Critical

The critiques were pretty painless last night.  I made a “joke” about being nervous to our leader and so she “let me off the hook” early by making me first.  I’m actually grateful for that.  I was able to get it out of the way and relax about it the rest of the night.

I wasn’t bothered by any of what they said, in fact I anticipated some of it.  There are some areas in The Teacher that are entirely too detailed and serve no purpose for the story.  What I now have to decide is whether to cut them down, or to make them serve a purpose.  While I personally kind of like some of the details, there was a consensus among the group that a few specific areas needed to be “condensed” and what the leader told us the first night was, “take what you want and ignore what you don’t, but if there’s some consistency in a particular area, you should probably revisit it,”  so I guess I will.

A lot of the other comments were about wanting to know more about certain things that are actually already addressed in other areas of the book.  That’s one of the downfalls in the way this works.  I get to submit 25 double spaced pages, three separate times.  They do not have to be the same pages, so I can have up to 75 pages critiqued.  But the first draft of The Teacher is 418 pages.  You can’t expect to know everything about the story and the characters and their backgrounds in 25 or even 75 pages of a 400 page novel.

So all in all, I feel pretty good about the feedback.  I agree with a lot of the comments that require changes and feel good about what I covered in other places that they asked for.  While I may not be as close to Book-Deal ready as I had thought/hoped, I do feel good about what I’ve done and what I can do to improve it.

So…  full speed ahead!

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Wish Me Luck

By the way, tonight is the night.  In two and a half hours I’ll be at my writing workshop thingamajig and I’ll be getting my first, formal critique/feedback on my manuscript.

The tension mounts by the minute.  I’ll be taking some Ativan later (yes the anxiety is that real).  I want to take it now, but I’m afraid if I take it too early, it’ll wear off too early and that would be bad.

In the end it will all be fine, but that doesn’t really help me much right now, so…

Wish me luck!

Holy Hectic, Batman

What a day this has been.  After all those comments I made last week about not putting off the critiques until the last minute, I haven’t been able to get around to doing them until today, even though I got the samples earlier than last week.  And I’ve only been able to do one.  The other one I haven’t even cracked open yet.

I admit I’ve really been putting off doing it because it’s just so tough.  I want to be helpful, but fair, but honest, but constructive, but nice.  This does not come to me naturally, y’all! (I can’t believe I just used that word.)

I noticed last week that a lot of people did their critiques and comments electronically, using the review options (track changes and comments) in Microsoft Word and then printing out the hard copies for the writers.  The first of the two samples and the only one I’ve touched so far, the writer asked us to do it that way.  I’m not sure if that slowed me down or if it would have taken me a long time anyway, but it took me three and a half hours to do my critique and comments on an 18 page sample.  And that’s after having read the story last night.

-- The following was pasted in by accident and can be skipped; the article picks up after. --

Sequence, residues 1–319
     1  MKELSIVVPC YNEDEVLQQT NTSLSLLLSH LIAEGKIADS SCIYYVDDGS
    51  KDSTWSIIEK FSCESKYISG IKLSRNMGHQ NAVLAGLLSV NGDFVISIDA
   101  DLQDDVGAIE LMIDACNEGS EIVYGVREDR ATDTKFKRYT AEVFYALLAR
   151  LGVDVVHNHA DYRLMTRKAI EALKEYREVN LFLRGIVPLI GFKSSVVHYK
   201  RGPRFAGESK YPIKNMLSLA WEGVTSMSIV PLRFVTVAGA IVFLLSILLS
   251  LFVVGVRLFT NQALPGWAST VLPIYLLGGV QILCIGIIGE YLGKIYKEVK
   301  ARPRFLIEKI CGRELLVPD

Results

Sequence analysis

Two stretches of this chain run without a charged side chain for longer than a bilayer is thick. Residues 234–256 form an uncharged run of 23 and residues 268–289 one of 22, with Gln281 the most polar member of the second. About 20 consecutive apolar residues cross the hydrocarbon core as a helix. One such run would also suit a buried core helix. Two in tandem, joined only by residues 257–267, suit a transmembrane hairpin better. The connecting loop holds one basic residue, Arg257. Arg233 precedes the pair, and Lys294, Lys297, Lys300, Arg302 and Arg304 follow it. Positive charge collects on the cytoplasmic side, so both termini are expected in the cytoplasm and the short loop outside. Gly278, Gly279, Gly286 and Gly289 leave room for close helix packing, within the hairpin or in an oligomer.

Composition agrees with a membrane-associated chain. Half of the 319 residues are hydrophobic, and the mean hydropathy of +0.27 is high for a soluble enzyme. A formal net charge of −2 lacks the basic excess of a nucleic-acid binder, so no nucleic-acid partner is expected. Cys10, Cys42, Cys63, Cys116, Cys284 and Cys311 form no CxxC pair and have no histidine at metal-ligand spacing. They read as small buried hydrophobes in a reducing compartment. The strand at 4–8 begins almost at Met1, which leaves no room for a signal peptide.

There were a lot of technical problems with the story and some confusing points that slowed me down and I had to figure out how to comment on those in a positive and constructive way that still said, “You need to change these things.”  It’s not easy!

In addition to that, I had actual work to do today and errands to run at lunch, and blogs piling up in my reader and my own mental blocks against doing this in the first place, all standing in the way, holding me back.

I just don’t want to do them.  Not because I’m being lazy.  I just don’t want to tell people I don’t even know what I think of their writing…  but I want them to do it for me.  And I want them to like what I’ve done and have only great things to say (which is probably too much to expect) and I want them to be supportive and encouraging.  I don’t really believe in karma or good juju, or whatever.  I just don’t.  And yet, I do believe you get what you deserve.  You get what you give. (That’s different, right?)  So I’m doing the critiques and trying to be genuinely helpful in spite of my own insecurity and my fear of coming across more harshly than I mean to and hoping that they won’t, or that I won’t take it that way.

And so here we are on Tuesday night.  I’ve done one critique and have another one to go and yet, twenty-three hours and forty-five minutes from now, I will already be in the work shop, either listening to what they thought of my sample, or telling them what I thought of theirs, and I haven’t even started on the last sample, yet.

No pressure here…

In Over My Head

So I had the second meeting of the writing workshop/class/group/thingy, last night.  I’ve been really looking forward to it and I’m glad I’m doing it, but I’ve been in for a few surprises.

Last week, we met at the leader’s beautiful house in San Francisco where we chatted amongst our selves for a little while, waiting for everyone to arrive and settle in and then the group leader gave us copies of some pages from a book she had.  After she passed the pages around to everyone she began to read selected sections of them out loud to us.  Following along with her and trying to keep up, I wasn’t able to read them myself and I wasn’t able to fully process what they were saying and what I took away from the endeavor was: